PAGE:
The tone of Wynne's remarks at the strategy and budget ho down makes you hope our Air Force secretary was just having a bad day; that maybe those think tank jokesters slipped something into his complementary beverage. But then you poke around a bit and discover other daffy moments he's had, like back in September 2006 when he asserted that non-lethal weapons should be tested on American citizens in crowd control situations before they're used on the battlefield.
“If we’re not willing to use it here against our fellow citizens, then we should not be willing to use it in a wartime situation,” he said. “(Because) if I hit somebody with a non-lethal weapon and they claim that it injured them in a way that was not intended, I think that I would be vilified in the world press.” It's funny how he's worried about that, but doesn't seem to care what the media thinks when he blows thousands of people to smithereens with laser-guided bombs.
No, something's not right with that Wynne character. You'd have good reason to suspect that his best friend isn't a real person; but he's not entirely out in the left blue yonder either. He has two credentials that eminently qualify him to be the secretary of a U.S. armed service: a) he's a former senior vice president of a major defense contractor (General Dynamics) and b) he has served as under secretary of defense for acquisition, technology and logistics. Put another way, he's a proven expert in the care and feeding of America's military industrial complex. In that light, some of his other comments at the strategy and budget shindig start to make sense.
He cited the Chinese ASAT test as a reason to stick with the plan to spend $299 billion on 2,400 F-35 Joint Strike Fighter aircraft. "How big do you think China is?" he said. "Twenty-one B-2s. Think about that," he added, inferring that 21 stealth bombers aren't enough to bomb China back to the Xia Dynasty in case we decide to preemptively whack them for not having shot down our satellites yet. A couple thousand Joint Strike Fighters would help us bridge the gap. Except, of course, that the JSF doesn't have the range to strike all the good China targets from wherever we could base it out of. However! If we bought enough new air refueling aircraft, say three or four of them per strike fighter, then we'd have something, wouldn't we?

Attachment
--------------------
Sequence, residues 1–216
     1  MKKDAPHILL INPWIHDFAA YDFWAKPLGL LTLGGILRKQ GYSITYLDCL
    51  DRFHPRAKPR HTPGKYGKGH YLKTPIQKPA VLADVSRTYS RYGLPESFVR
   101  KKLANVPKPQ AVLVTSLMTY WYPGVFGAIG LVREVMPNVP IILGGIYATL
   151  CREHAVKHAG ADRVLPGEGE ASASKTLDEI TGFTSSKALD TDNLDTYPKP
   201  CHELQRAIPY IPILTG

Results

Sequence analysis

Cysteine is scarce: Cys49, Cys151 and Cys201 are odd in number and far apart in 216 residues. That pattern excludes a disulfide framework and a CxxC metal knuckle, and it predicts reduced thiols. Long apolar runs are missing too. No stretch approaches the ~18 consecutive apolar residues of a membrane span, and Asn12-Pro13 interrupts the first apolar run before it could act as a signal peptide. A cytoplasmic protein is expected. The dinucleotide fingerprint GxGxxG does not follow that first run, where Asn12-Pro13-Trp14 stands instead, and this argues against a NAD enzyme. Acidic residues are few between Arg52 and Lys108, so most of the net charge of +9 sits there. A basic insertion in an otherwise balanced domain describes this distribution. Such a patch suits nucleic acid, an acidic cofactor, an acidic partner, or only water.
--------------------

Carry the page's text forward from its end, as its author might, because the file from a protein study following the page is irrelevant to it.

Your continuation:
Of the Chinese ASAT test, Wynne asked the strategists and budgeters, "Was it part of a plan; was it not part of a plan?"
It was part of a plan, all right; part of China's plan to sucker us into spending ourselves insolvent by pursuing an arms race with imagined opponents, and thanks to the likes of Wynn, we're playing into that plan rather nicely.
Related article by Jeff Huber: In an Arms Race with Ourselves
Commander Jeff Huber, U.S. Navy (Retired) writes from Virginia Beach, Virginia. Read his commentaries at Pen and Sword, ePluribus and Military.com. Jeff's novel Bathtub Admirals (Kunati Books, ISBN: 9781601640192) will be available March 1, 2008.